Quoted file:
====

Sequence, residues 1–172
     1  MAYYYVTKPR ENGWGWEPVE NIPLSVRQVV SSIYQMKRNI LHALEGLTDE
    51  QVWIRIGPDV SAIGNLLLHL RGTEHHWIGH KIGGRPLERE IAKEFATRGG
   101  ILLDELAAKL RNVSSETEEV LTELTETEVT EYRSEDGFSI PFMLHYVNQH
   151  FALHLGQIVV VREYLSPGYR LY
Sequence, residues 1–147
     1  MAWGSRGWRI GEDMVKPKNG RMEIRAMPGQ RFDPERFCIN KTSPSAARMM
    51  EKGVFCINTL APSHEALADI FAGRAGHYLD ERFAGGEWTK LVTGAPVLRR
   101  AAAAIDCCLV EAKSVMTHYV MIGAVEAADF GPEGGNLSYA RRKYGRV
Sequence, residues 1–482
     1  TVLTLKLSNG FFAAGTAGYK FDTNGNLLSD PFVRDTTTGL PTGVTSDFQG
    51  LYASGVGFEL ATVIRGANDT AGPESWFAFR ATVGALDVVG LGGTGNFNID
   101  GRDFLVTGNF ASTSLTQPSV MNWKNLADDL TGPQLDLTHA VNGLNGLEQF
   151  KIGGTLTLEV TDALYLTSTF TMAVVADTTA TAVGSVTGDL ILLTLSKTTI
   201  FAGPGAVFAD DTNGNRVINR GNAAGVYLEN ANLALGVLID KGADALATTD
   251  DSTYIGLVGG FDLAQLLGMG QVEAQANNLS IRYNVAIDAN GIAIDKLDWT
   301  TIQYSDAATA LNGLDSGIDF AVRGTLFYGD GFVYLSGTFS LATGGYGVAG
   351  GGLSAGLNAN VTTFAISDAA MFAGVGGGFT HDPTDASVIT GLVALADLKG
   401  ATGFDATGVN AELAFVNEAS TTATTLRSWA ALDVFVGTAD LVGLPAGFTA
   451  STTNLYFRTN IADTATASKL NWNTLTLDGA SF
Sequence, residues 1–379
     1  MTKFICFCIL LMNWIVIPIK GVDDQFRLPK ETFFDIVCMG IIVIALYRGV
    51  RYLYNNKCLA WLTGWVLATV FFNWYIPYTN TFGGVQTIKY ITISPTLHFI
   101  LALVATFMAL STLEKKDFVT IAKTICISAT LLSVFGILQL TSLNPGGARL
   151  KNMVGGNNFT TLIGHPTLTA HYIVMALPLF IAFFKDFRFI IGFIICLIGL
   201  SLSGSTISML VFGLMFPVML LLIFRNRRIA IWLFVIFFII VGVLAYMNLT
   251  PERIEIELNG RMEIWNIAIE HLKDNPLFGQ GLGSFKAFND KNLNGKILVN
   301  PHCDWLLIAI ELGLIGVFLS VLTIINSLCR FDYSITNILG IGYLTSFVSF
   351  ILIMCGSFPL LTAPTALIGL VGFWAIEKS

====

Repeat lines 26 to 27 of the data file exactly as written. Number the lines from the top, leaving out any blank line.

   201  SLSGSTISML VFGLMFPVML LLIFRNRRIA IWLFVIFFII VGVLAYMNLT
   251  PERIEIELNG RMEIWNIAIE HLKDNPLFGQ GLGSFKAFND KNLNGKILVN